From the outset, THE LOST & THE LONGING seems like an ambitious crossover. MORE: DUNE RATS: …
Anytime that you see a band releasing music after a 10 plus year hiatus, it immediately evokes an ‘approach with caution’ feeling.
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More often than not, these albums are quick cash grabs that see bands release some pretty forgettable music in the pursuit of reattaining the sound that first made them big. Alexisonfire are a group who don’t fit this mould.
Having had multiple hiatuses throughout the bands tenure, each comeback cycle hasn’t just been a rehash of the sound that fans initially fell in love with, instead it’s showcased a completely new era for the group.
As the band’s first release in 13 years, Otherness is no different. Showcasing the band dabbling into new territories both instrumental and stylistically, an album that wastes no time on being nostalgic, instead looking to set out the future direction of the group as they steer into ambitious new soundscapes.
“I think the good thing about us is that none of us have an interest in trying to recreate something we’ve already done,” states one of the group’s three beloved vocalist’s, Dallas Green.
“As far as the heavy music landscape goes, I don’t think we’ve ever really done the things that you’re supposed to do with the breakdowns and double-kicks and all that stuff. We’ve always approached aggressive music with a different lens, and this time around, I think, because we’ve all lived more, we’re older, we have more experience, especially in the studio and all that stuff. You know, we started writing songs for this release, we were like, ‘Okay, well, this can be whatever we want it to be.’
We didn’t want to be just pigeonholed into the heavy genre that we were sort of put in, we always felt like we could be whatever we wanted to be.
[ Dallas Green ]
“So if we want, we can make a heavy song. But how can we make a heavy song that still seems completely new and interesting to not only us, but to the undeterred fans who are listening to it. We wanted it to be like, ‘holy fuck this doesn’t sound like them. But it totally sounds like them.’ That’s like a focal point for us when we’re writing, we don’t have an interest in being nostalgic or anything, we still feel like we contribute to what’s happening right now, so that’s kind of what we were going for.”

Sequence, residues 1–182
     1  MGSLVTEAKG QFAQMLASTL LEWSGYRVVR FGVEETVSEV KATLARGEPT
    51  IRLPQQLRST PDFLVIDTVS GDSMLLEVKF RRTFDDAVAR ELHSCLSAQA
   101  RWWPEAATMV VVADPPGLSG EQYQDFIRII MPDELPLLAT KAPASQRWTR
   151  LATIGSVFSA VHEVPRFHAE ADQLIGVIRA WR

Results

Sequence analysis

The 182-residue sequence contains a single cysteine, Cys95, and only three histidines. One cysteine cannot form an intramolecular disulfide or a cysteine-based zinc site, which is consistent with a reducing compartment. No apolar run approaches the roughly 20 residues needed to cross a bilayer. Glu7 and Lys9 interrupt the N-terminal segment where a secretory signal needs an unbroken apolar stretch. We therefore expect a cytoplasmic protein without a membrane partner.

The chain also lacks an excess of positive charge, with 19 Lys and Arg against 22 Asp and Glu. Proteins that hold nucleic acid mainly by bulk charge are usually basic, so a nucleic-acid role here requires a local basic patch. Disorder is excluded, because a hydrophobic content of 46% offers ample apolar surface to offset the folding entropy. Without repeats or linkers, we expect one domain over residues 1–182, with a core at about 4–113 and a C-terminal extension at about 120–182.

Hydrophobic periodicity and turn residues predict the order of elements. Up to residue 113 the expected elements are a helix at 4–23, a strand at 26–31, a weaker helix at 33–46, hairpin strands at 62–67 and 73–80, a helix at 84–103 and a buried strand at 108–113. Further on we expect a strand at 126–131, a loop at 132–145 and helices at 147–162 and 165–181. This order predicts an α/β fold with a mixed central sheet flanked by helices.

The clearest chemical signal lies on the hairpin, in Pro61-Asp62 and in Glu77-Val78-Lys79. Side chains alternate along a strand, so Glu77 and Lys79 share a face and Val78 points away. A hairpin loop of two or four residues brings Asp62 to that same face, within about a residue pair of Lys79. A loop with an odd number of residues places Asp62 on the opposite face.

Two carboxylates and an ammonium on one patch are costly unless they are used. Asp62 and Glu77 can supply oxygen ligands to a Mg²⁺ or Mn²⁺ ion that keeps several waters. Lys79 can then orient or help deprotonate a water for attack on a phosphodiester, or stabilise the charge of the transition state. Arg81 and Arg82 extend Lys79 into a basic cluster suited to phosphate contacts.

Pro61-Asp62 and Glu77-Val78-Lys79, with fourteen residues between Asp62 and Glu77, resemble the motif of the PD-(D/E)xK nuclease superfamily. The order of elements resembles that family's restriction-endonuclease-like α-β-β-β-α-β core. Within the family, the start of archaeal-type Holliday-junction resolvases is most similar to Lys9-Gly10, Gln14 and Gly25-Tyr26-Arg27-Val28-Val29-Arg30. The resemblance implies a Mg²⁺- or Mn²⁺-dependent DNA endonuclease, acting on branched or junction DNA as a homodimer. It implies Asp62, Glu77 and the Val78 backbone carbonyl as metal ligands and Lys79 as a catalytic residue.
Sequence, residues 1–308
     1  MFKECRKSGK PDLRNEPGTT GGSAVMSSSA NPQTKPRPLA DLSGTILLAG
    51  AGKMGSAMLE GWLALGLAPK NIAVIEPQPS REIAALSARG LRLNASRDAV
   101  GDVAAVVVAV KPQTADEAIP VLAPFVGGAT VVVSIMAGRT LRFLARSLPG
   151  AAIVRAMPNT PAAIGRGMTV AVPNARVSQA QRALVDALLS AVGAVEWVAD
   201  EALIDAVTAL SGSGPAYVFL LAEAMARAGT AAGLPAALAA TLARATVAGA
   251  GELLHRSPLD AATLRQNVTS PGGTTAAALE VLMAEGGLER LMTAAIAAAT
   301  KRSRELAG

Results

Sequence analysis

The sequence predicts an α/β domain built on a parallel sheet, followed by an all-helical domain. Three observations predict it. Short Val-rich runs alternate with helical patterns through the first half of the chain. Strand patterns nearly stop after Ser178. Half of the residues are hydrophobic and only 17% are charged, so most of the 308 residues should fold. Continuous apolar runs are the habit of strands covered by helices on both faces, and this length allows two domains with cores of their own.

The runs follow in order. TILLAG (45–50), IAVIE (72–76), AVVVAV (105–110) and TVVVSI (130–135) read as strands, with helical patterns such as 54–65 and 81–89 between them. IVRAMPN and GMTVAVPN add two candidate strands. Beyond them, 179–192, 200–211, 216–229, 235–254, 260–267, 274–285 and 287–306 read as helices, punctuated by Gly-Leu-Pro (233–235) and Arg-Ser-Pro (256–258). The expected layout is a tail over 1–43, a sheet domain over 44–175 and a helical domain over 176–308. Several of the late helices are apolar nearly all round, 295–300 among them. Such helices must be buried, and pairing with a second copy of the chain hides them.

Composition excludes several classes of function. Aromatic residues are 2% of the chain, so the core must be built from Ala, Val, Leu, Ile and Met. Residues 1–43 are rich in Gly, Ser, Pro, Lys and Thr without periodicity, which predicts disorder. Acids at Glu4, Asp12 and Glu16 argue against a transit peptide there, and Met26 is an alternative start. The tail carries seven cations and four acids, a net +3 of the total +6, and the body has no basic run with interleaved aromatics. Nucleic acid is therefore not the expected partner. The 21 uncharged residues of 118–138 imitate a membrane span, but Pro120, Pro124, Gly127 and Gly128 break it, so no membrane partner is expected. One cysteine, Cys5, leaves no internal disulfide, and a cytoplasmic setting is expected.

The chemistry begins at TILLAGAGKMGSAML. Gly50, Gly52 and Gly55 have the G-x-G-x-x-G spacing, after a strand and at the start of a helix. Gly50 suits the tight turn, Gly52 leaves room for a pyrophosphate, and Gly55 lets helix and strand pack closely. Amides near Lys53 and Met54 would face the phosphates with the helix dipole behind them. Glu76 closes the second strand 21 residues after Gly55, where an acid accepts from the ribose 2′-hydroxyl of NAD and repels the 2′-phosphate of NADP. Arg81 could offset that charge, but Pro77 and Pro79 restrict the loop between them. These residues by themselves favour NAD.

Continuing on the bands new direction and how the varying side projects that the members are in have impacted that sound, Green stated,
“We don’t really sound like anybody other than ourselves, which allows us to kind of be whatever we feel like we need to be in the moment. I think with this record, because it had been so long since we’ve made a full record, we allowed ourselves to do whatever felt like it held the song up in that moment.”
“I don’t think there’s many bands that can pull that off the back and forth between those two sounds, but I feel like I feel like we are capable of it because we have the skill to do it. But I think that we also just appreciate so many different styles of music, and that’s why we kind of sound the way we do because we try to shove it all into one.”
When asked if the group’s new sound is based on trying to differentiate themselves from the legions of bands who have since come up and replicated their early sound, Green thoughtfully remarked,
“I guess there’s a degree to which we would hear something and want to do the opposite of it. But it was never from a perspective of like, ‘oh, people are trying to sound like us, we need to change.’ It was more like, let’s just try to carve this path of our own in this weird sort of style of music.”
“We didn’t want to be just pigeonholed into the heavy genre that we were sort of put in, we always felt like we could be whatever we wanted to be.”
“I mean, we are Alexis after all, this is just what we do.”